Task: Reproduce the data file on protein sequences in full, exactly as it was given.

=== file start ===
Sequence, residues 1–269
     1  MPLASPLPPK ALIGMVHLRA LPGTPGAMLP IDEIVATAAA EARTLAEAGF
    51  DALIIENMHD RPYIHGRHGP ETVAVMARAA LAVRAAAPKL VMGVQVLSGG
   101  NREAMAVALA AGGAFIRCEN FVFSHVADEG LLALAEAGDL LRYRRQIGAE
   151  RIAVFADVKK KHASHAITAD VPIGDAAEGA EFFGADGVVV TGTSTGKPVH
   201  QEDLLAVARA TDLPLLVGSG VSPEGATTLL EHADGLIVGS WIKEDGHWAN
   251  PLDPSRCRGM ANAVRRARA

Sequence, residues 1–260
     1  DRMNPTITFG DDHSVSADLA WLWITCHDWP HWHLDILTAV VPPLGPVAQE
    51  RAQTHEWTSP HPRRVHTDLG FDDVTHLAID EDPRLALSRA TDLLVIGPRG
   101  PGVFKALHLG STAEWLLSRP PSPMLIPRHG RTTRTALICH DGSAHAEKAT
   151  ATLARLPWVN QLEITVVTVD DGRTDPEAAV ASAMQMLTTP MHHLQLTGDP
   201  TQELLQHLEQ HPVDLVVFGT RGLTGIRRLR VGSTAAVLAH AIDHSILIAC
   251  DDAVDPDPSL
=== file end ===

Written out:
Sequence, residues 1–269
     1  MPLASPLPPK ALIGMVHLRA LPGTPGAMLP IDEIVATAAA EARTLAEAGF
    51  DALIIENMHD RPYIHGRHGP ETVAVMARAA LAVRAAAPKL VMGVQVLSGG
   101  NREAMAVALA AGGAFIRCEN FVFSHVADEG LLALAEAGDL LRYRRQIGAE
   151  RIAVFADVKK KHASHAITAD VPIGDAAEGA EFFGADGVVV TGTSTGKPVH
   201  QEDLLAVARA TDLPLLVGSG VSPEGATTLL EHADGLIVGS WIKEDGHWAN
   251  PLDPSRCRGM ANAVRRARA

Sequence, residues 1–260
     1  DRMNPTITFG DDHSVSADLA WLWITCHDWP HWHLDILTAV VPPLGPVAQE
    51  RAQTHEWTSP HPRRVHTDLG FDDVTHLAID EDPRLALSRA TDLLVIGPRG
   101  PGVFKALHLG STAEWLLSRP PSPMLIPRHG RTTRTALICH DGSAHAEKAT
   151  ATLARLPWVN QLEITVVTVD DGRTDPEAAV ASAMQMLTTP MHHLQLTGDP
   201  TQELLQHLEQ HPVDLVVFGT RGLTGIRRLR VGSTAAVLAH AIDHSILIAC
   251  DDAVDPDPSL